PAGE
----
# Pairwise similarity comparison

I have a 444-member array of arrays called final, with each subarray containing 12 integer members. How can I do a pairwise comparison of the contents of the subarrays to find all pairs with 11 members in common ; failing that, all those with 10 in common ; etc. ?

Is there a built-in similarity measure for numeric arrays?

EDIT for clarity : I would be happy if the function returned the pair with maximum similarity, or an array of such pairs in the case of a multi-way tie.

Seeking the function Foo

In[1]:= bar = RandomInteger[9, {6, 4}]
Out[1]= {{6, 6, 1, 5}, {4, 0, 9, 3}, {0, 4, 2, 9},
{4, 6, 0, 6}, {2, 5, 4, 8}, {4, 1, 9, 1}}

In[2]:= Foo[%]
Out[2]= {{4, 0, 9, 3}, {0, 4, 2, 9}}

In[3]:= Foo[bar]
Out[3]= {bar[1], bar[2]}

• does order matter? ,e.g {1,2,3}, {2,1,5} "similar" having 2 elements in common. A small test example and desired result would be helpful. Nov 15, 2014 at 5:13
• I have included an example. Thank you for the suggestion. Nov 15, 2014 at 5:28
• How many distinct integers are there in total? Nov 15, 2014 at 5:43
• Oof, I don't know. Approximately 168. They are all primes below 1000, so I'm guessing each prime is present at least once. But I'd like if it was as general as possible. Nov 15, 2014 at 5:52
• How may common items are there in {{6, 6, 1, 5}, {4, 6, 0, 6}}? One or two? The accepted answer counts one. Is that correct? Nov 15, 2014 at 19:53

Update: a single function that combines all the steps:

ClearAll[sF, sortedF];
sF = -Length[Intersection @@ #] &;
sortedF = With[{s = Subsets[#, {2}]}, SortBy[s, sF]] &;

First@sortedF@bar
(* {{4, 0, 9, 3}, {0, 4, 2, 9}} *)

sortedpairs = sortedF@bar;
Grid[{#, -sF@#} & /@ sortedpairs]


Original post

sF = -Length[Intersection @@ #] &;


Examples:

OP's example:

bar= {{6, 6, 1, 5}, {4, 0, 9, 3}, {0, 4, 2, 9}, {4, 6, 0, 6}, {2, 5, 4, 8}, {4, 1, 9, 1}};
SortBy[Subsets[bar, {2}], sF][[1]]
(* {{4, 0, 9, 3}, {0, 4, 2, 9}} *)


All pairs sorted by the cardinality of intersection:

SeedRandom[123];
arrays = RandomInteger[9, {5, 4}];
pairs = Subsets[arrays, {2}];
srtdpairs = SortBy[pairs, sF];
Grid[Thread[{{"arrays", "pairs", "sorted\npairs"}, Join @@ {{Column@arrays},
Grid[Join[{{"pair", "similarity"}}, {#, -sF@#} & /@ #]] & /@ {pairs, srtdpairs}}}],
Alignment -> Center, Dividers -> All]


Update: A MatrixPlot of the pairwise similarities for a 50 x 12 array:

SeedRandom[12];
ClearAll[sF, sortedF];
sF = -Length[Intersection @@ #] &;
arrays = RandomInteger[9, {50, 12}];
MatrixPlot[Outer[-sF[{##}]/9 &, arrays, arrays, 1], ImageSize -> 500,
ColorFunction -> "SolarColors", ColorFunctionScaling -> False]


• very nice...I posted my ugly answer to with counting repeated elements, hence, the third from the bottom of your update has {6,6} in both. Nonetheless, I continue to learn so much from you +1 :) Nov 15, 2014 at 7:48
• Thank you @ubpdqn. Multiset intersection version is definitely more challenging. I have to say I hope the OP just wants the plain old Intersection:)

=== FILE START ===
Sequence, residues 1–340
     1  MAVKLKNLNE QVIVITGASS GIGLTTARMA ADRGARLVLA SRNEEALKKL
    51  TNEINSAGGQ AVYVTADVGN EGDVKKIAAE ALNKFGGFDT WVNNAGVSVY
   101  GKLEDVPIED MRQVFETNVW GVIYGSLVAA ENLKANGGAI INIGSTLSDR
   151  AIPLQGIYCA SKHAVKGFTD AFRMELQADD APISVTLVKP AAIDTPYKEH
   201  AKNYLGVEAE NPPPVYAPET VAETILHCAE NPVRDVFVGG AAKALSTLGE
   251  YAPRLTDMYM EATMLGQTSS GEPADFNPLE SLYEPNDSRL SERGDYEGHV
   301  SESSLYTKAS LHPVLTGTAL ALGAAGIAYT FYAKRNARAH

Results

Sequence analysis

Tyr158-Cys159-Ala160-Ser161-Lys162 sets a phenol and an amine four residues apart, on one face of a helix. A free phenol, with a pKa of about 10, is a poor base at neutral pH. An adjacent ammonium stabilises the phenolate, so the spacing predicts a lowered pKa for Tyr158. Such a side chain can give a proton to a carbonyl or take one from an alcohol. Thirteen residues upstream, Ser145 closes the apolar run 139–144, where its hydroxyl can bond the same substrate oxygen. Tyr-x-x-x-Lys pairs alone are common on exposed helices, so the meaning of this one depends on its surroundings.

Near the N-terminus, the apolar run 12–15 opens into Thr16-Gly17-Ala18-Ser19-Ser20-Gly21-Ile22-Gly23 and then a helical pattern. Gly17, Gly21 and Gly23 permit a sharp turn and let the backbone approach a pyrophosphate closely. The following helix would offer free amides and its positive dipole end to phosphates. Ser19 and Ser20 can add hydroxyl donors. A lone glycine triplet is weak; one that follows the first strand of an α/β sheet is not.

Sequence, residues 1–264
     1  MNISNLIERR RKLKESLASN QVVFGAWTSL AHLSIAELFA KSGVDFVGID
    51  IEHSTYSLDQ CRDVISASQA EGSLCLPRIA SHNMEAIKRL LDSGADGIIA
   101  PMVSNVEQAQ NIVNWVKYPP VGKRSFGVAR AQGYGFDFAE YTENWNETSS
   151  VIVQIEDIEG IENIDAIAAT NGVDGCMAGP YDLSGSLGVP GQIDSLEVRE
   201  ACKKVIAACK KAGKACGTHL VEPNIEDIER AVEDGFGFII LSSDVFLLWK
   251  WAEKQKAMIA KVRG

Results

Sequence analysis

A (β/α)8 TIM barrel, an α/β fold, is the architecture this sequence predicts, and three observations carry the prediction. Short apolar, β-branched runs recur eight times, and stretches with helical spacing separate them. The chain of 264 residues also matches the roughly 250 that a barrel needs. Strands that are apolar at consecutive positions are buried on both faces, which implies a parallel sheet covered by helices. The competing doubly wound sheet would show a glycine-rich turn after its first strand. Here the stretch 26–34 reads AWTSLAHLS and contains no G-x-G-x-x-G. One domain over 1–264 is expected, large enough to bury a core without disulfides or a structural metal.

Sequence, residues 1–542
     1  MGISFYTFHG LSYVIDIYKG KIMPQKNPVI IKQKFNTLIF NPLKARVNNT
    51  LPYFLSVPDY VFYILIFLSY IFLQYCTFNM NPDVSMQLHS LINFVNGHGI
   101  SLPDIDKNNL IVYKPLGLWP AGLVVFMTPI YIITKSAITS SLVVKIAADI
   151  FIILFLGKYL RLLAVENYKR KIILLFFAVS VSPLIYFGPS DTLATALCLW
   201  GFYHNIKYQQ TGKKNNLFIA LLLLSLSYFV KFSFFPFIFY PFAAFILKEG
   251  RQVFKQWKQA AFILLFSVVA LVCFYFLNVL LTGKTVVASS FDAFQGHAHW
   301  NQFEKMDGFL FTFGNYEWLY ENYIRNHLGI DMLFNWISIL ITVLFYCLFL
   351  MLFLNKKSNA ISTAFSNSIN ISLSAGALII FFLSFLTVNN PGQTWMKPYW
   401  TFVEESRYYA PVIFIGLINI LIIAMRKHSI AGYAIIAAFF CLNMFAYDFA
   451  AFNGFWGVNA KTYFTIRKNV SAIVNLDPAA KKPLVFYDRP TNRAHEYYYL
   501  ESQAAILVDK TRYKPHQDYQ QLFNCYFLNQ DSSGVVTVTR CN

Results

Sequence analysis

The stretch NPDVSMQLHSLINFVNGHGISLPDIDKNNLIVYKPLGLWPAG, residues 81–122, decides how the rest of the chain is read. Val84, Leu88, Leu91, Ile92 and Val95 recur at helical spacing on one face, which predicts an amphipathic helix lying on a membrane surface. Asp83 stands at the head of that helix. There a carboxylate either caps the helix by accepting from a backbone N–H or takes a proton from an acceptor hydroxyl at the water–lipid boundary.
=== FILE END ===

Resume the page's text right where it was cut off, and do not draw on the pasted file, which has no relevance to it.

– kglr
Nov 15, 2014 at 8:23
• This answer fit the bill perfectly, thank you! I'm curious why you put the word 'similarity' in quotes - is there a better term? Nov 15, 2014 at 16:30
• @pgblu, no hidden meaning in quotes :)-- i think 'similarity' is a perfectly fitting term.
– kglr
Nov 15, 2014 at 16:36
• Хорошо. I especially appreciate the middle line that just extracts the top result. With my dataset, the last command results in (as you can imagine) a list of 444 x 443 items! Nov 15, 2014 at 16:56

EDIT

There were some issues with my original post that I have modified.

In case you wish to count {6,6,3},{6,6,2} as having 2 elements in common rather than 1 (as Intersection produces), I present this rather ugly code. Note assumes integers from 0 to 9. Could be adapted.

func[data_, a_, n_] :=
Module[{var = Table[Unique["x"], {Length[a]}], r, rl, sub, f, pck,
res},
sub = Subsets[data, {2}];
f = Times @@ (# /. r) &;
pck = (Log[#] /. rl) == n & /@ PolynomialGCD @@@ Map[f, sub, {2}];
res = Normal[GroupBy[Pick[sub, pck], First -> Last]];
Join @@ Function[{x, y}, {x, #} & /@ y] @@@ res
]


where a is alphabet and n is then number of elements that agree. The output is now more like kguler but with counting repeats:

Column[# ->
Column[Row /@
func[{{6, 6, 1, 5}, {4, 0, 9, 3}, {0, 4, 2, 9}, {4, 6, 0,
6}, {2, 5, 4, 8}, {4, 1, 9, 1}}, Range[0, 9], #]] & /@
Range[0, 4], Frame -> All]


More cumbersome example: r

i = {{0, 6, 3, 8}, {8, 8, 8, 0}, {1, 1, 6, 7}, {7, 0, 2, 1}, {5, 1,
3, 5}, {5, 9, 7, 9}, {2, 9, 8, 9}, {5, 4, 5, 2}, {5, 8, 5, 8}, {6,
4, 0, 6}, {6, 3, 3, 1}, {1, 1, 1, 0}, {1, 0, 5, 2}, {2, 3, 1,
0}, {2, 2, 7, 7}, {6, 1, 2, 1}, {0, 9, 3, 6}, {2, 9, 2, 3}, {0, 8,
2, 7}, {3, 7, 8, 0}}
FlipView[Framed /@ (# ->
Row[{Column[Row /@ func[ri, Range[0, 9], #]],
Length@(func[ri, Range[0, 9], #])}] & /@ Range[0, 4])]


• (+1) this may well be what the OP wants. Btw, counted (manually) 16 system functions in your Module (not including Rule, Map, Apply...):)
– kglr
Nov 15, 2014 at 8:25
• @kguler... I said it was ugly...just had a flight of fancy converting to polynomial then using Log and replacement of variable e to count...it's been a long week so almost certainly this was poor but perversely fun Nov 15, 2014 at 8:33
• ubdqn, i really meant it as a compliment:)
– kglr
Nov 15, 2014 at 8:38
• Compliments from me too - I look forward to exploring your solution further! My green check mark went to kguler's answer only because my sets don't in fact contain any duplicates. Your solution looks like it would be even more general though, is that right? Nov 15, 2014 at 16:57